Spontaneous Fermentation Project Part 4 -- week 1 of fermentation - Brain Sparging on Brewing


Sour beer, saisons, farmhouse beer, homebrewing, ramblings

January 13, 2014

Spontaneous Fermentation Project Part 4 -- week 1 of fermentation

Well, I guess I don't need to be too worried whether I captured any life in the frigid coolship. There is definitely something growing in the beer although what it is and whether it will produce some sour beer is still a mystery. I tried to take a picture daily of the beer. In my usual fashion, the pictures are poor quality but hey, who else is showing you day by day spontaneous fermentation pictures?

The first day didn't show much activity so we'll skip ahead and talk about day 2.

Day 2

See all the specs? Those are alive. I mean, they are something growing. I used the flash on this picture, as you can tell, which highlighted the specs. If you look carefully you can see that some of the specs are white and some are a light tan color, like yeast color. The light tan specs are actually growing on the sides of the carboy where wort splashed up during transit. The white specs are actually on the surface on the beer. They are individually about the size of dried yeast cells, which makes me think it's sort sort of yeast. The wort is slightly murky and hazy, which suggests there is also bacterial growth within the depths of the wort.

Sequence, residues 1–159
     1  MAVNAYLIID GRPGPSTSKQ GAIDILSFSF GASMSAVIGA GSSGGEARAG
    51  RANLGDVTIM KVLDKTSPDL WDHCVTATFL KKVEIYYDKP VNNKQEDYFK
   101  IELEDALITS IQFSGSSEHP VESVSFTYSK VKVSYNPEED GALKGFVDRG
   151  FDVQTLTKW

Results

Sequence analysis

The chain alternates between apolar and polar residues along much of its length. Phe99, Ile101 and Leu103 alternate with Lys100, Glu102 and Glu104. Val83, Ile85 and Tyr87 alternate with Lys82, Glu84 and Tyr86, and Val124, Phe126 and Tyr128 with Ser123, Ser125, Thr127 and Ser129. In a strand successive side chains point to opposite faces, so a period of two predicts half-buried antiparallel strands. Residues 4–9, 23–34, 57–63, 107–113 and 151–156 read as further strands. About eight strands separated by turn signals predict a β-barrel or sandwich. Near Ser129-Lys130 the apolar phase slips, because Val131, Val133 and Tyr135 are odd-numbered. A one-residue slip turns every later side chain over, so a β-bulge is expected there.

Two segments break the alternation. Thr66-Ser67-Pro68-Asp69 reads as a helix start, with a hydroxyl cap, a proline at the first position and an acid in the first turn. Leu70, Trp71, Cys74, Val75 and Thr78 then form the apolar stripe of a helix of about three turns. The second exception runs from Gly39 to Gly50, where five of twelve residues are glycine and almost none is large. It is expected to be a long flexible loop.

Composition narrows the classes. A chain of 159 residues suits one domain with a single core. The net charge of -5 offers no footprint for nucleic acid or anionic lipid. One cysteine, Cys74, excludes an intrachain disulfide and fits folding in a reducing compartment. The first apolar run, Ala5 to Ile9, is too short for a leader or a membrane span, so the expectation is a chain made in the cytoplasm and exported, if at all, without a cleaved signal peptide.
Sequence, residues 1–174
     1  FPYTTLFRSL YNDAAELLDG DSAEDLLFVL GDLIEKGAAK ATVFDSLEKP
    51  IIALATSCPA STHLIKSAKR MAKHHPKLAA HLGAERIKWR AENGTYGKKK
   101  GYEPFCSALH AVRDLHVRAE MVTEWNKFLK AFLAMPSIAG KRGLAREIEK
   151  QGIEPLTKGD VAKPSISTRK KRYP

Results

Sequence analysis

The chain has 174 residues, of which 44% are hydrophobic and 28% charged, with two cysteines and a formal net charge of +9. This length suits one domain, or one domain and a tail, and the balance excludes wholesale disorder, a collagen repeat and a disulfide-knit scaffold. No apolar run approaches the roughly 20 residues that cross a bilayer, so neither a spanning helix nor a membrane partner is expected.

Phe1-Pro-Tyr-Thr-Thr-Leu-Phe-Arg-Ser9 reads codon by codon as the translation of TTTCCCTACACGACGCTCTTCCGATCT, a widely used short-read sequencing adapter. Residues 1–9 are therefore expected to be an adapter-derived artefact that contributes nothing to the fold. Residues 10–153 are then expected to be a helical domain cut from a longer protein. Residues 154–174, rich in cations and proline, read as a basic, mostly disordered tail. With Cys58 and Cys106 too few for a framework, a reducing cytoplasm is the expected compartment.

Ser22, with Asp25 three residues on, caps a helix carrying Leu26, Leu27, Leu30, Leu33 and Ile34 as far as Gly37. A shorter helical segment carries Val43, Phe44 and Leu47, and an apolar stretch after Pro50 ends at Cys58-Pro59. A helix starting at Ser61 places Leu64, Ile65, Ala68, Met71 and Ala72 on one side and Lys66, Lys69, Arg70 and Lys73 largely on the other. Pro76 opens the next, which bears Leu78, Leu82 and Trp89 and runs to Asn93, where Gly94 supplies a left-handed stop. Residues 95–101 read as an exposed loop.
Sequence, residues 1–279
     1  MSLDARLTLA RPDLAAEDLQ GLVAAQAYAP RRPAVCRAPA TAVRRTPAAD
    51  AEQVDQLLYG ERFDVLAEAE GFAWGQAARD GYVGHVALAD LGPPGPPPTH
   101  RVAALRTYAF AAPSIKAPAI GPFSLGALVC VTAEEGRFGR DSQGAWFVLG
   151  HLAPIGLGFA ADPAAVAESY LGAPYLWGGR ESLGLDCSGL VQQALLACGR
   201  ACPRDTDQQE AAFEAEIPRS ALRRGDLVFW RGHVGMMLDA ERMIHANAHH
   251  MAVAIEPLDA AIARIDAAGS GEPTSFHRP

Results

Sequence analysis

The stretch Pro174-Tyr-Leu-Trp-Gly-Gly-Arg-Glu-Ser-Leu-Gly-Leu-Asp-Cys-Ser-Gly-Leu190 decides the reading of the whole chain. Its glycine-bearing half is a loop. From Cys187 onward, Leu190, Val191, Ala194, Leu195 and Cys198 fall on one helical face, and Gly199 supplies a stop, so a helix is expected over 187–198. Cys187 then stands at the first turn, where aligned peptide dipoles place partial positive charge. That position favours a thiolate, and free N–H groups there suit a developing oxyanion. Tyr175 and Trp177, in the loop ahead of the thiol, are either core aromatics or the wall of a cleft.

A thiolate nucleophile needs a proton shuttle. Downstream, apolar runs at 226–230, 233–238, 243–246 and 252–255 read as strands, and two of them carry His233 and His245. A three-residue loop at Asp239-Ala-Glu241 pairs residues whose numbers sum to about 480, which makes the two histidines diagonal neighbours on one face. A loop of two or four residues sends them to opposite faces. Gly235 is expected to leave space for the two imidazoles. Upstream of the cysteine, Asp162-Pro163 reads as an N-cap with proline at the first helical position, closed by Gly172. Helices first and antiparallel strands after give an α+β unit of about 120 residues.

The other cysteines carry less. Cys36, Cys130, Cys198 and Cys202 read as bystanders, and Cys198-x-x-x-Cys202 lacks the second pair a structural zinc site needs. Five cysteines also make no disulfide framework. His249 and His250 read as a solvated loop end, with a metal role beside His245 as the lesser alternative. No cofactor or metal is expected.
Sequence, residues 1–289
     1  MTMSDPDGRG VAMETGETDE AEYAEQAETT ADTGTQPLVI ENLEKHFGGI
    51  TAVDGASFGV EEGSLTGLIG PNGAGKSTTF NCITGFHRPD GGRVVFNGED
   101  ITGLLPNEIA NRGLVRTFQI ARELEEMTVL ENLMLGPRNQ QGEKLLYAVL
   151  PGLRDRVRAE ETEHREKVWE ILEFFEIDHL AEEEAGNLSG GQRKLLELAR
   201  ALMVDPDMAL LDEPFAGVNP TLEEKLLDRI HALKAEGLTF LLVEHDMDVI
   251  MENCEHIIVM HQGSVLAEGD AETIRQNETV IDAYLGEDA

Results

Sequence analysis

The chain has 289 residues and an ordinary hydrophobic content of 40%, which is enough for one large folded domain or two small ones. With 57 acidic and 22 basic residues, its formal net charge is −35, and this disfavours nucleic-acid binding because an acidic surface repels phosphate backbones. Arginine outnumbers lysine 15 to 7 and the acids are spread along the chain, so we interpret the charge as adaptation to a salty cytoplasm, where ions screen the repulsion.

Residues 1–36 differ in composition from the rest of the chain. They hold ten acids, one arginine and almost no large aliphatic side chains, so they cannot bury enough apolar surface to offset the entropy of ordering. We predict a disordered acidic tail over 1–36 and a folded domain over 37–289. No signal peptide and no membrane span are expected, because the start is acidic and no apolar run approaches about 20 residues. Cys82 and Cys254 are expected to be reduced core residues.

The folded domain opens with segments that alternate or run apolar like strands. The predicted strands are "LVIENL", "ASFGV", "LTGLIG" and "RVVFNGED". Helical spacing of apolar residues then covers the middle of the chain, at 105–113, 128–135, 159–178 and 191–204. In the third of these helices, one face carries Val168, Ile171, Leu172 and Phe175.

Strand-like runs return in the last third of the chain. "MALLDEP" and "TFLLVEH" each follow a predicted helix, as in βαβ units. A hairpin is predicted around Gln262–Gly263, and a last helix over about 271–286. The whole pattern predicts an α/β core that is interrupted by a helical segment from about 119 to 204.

Aroma is mostly fresh wort but there is a murky, funky edge to it.

Day 3

Is it possible my picture taking is getting worse?

No significant changes today. Whatever is growing on top is multiplying in numbers and getting more active. Pressure is definitely building up in the fermentor as some bubbles are appearing in the airlock. No change in aroma and no other change in appearance. The beer is still fairly murky under the surface.

Day 4


No, I didn't miss any days. This is really the evening of day four. Late last night whisps of white started showing up on the surface. By the this morning the foam was starting to appear. Now this is a full surface of fluffy white foam about half an inch thick. There is some slow bubbling in the airlock so there is some kind of fermentation going on. I'm not sure what is driving fermentation right now (my guess, based on time estimates and that dreaded chart is that it is bacterial) but it sure doesn't have the appearance of the tan stuff on the surface before, which was the usual color of yeast krausen. This stuff is snow white.

 Day 5

Activity is growing in the krausen on top. The foam is full of extremely large bubbles and it's now about three inches above the top of the liquid itself. The beer underneath is still the same murky consistency. Not sure if that is just a starchy haze or bacterial haze. Who knows. 

Day 6

The big bubbles are gone, having dropped out mid-day. What's left now is a fairly flat level of white foam. It's the same sort of foam you see on the top of a saccharomyces fermentation before the krausen breaks out. It looks like the initial wave of fermentation has come to an end and something else is about to start taking over the beer.